Circularity & testing.

James Lyons-Weiler weiler at ERS.UNR.EDU
Sat Oct 19 16:02:11 CDT 1996


On Sat, 19 Oct 1996, Tom DiBenedetto wrote:


>
> One more time....the tree itself is not turned back to test the
> hypotheses, the test is a test of congruence; the tree is the result.
> What is so difficult about this?

What is so difficult about it is that there the test you describe does not
manifest itself in any measureable manner. Tree length does not provide
any measure of congruence; homoplasy indices are unreliable.  Again, where
is the test?

>  Do you know what a hypothesis of homology is?

Wiley (p. 139)

"  the "problem of homology" can be broken by simply realizing that
homologies can be treated as hypotheses that are tested by other
hypotheses of homology and their associated phylogenetic hypotheses".

Like I said, hypotheses can't be tested by other hypotheses; where are the
critical values?  Where are the probability distributions?  Where are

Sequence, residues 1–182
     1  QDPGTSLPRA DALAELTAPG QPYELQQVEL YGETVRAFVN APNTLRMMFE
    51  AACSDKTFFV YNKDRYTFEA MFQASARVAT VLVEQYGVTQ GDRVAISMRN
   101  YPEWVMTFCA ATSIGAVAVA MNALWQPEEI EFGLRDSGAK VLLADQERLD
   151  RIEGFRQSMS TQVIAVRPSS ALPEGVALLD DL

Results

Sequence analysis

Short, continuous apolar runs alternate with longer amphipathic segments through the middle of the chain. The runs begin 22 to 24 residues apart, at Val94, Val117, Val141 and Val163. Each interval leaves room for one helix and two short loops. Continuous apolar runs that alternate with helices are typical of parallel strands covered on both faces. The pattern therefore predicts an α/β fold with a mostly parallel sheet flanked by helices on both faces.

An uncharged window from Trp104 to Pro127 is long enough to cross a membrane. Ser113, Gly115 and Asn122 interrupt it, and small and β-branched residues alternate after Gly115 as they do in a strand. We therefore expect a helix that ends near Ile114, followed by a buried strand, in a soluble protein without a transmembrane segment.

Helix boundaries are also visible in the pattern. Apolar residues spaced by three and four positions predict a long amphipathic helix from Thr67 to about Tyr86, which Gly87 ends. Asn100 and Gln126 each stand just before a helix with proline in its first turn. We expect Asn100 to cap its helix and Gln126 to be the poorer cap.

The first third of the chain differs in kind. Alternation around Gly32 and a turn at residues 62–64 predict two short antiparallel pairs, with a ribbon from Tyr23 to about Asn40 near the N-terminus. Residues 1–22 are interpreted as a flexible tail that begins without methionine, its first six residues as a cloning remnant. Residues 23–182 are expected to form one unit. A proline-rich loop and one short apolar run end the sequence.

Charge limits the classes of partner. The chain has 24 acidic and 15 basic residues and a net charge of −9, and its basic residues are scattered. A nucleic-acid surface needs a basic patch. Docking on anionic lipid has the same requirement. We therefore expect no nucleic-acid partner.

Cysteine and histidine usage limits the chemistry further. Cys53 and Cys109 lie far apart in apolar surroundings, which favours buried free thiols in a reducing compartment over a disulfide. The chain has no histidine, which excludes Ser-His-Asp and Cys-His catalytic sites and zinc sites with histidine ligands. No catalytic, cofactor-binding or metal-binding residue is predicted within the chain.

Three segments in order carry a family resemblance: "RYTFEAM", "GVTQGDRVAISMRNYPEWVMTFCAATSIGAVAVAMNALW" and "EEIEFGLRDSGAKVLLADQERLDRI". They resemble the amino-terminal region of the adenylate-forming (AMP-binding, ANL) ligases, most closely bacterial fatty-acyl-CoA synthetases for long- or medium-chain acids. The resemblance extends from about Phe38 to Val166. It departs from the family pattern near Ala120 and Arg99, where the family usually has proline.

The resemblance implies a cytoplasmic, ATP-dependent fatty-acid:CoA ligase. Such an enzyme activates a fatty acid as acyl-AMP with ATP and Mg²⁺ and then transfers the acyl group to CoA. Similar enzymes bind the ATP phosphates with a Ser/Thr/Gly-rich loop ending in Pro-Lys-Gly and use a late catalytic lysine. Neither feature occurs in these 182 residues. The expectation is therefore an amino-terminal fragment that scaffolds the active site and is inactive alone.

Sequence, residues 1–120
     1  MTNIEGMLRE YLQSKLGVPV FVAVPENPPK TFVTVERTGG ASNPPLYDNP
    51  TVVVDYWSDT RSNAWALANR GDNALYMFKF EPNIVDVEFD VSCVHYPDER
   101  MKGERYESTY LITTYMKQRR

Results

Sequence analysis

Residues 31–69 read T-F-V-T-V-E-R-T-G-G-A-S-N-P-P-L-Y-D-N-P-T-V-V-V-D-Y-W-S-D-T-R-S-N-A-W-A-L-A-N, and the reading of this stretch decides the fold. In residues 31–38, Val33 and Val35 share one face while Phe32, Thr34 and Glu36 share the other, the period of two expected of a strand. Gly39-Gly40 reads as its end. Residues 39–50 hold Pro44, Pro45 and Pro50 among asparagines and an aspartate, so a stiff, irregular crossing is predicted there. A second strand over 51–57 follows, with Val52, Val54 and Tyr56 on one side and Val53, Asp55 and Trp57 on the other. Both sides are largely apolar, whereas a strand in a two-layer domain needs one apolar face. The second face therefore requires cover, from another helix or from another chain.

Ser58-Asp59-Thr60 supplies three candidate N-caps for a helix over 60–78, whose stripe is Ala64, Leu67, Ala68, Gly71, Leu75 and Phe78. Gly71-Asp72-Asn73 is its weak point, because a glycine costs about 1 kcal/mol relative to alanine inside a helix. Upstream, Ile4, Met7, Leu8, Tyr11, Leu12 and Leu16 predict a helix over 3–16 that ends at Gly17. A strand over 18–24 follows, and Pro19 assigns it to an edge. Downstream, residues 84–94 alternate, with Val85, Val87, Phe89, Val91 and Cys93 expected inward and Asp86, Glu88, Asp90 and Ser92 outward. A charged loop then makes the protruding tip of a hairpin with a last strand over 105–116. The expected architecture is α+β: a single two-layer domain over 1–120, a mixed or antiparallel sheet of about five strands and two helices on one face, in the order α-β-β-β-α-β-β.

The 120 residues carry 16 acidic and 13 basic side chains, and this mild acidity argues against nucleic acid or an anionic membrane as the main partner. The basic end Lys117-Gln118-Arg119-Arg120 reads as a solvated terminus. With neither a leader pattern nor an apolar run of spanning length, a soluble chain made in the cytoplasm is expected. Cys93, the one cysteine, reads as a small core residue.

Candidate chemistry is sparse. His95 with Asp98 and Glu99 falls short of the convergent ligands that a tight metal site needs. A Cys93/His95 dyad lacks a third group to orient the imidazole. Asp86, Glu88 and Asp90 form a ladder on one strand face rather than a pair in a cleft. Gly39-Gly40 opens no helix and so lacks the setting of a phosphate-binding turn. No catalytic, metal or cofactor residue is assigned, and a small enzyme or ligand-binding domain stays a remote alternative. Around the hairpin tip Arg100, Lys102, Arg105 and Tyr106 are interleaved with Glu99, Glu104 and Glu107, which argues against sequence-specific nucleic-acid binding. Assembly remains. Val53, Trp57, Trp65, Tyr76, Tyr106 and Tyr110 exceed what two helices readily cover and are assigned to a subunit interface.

error terms?  The argument revolves around what one considers to be a
critical test; I simply reject that whatever you mean by congruence
provides anything resembling a critical test.  The rest of the biological
sciences see the danger of circular reasoning, and Hull (in 1967!) warned
us about the limitations of the same within the context of phylogenetic
systematics.

 > Even when the assessment of homology is good, the
> >> >tree that has the most among character agreement can be erroneous (this we
> >> >know from simulation and known phylogenies).
> >>
> >> Everyone has always known that; what do you think this is an
argument
> >> for or against?
> >I think it's an argument against using trees to test hypotheses of
> >homology.
>
> I think you wrong.
>


Good for you.

> > No, when homology is dead on, the trees can be dead wrong. Where is
> > the test?
>
> HUH? That is absurd.

How?  Why?

James Lyons-Weiler




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